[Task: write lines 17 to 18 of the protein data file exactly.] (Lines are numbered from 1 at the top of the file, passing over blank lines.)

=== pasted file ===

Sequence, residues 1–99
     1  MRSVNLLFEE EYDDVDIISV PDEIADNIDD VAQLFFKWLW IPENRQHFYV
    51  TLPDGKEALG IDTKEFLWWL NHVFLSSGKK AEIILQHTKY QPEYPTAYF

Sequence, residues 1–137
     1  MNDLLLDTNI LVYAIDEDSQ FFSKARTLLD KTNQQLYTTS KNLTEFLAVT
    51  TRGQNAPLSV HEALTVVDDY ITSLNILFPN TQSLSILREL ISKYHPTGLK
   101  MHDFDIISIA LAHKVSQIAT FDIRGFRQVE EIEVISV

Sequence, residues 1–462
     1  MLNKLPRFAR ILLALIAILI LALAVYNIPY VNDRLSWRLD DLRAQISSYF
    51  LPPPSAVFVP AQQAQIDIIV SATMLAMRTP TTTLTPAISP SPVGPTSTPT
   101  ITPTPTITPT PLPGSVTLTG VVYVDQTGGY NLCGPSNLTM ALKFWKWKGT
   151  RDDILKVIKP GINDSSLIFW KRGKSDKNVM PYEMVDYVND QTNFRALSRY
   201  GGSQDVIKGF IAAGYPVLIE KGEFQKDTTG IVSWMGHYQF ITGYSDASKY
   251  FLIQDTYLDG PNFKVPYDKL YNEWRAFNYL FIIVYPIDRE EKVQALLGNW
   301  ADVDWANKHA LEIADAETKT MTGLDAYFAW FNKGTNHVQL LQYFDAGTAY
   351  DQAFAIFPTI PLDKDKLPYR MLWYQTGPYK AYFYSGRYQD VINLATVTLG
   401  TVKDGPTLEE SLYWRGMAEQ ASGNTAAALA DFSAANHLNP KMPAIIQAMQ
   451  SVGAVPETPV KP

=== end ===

   401  TVKDGPTLEE SLYWRGMAEQ ASGNTAAALA DFSAANHLNP KMPAIIQAMQ
   451  SVGAVPETPV KP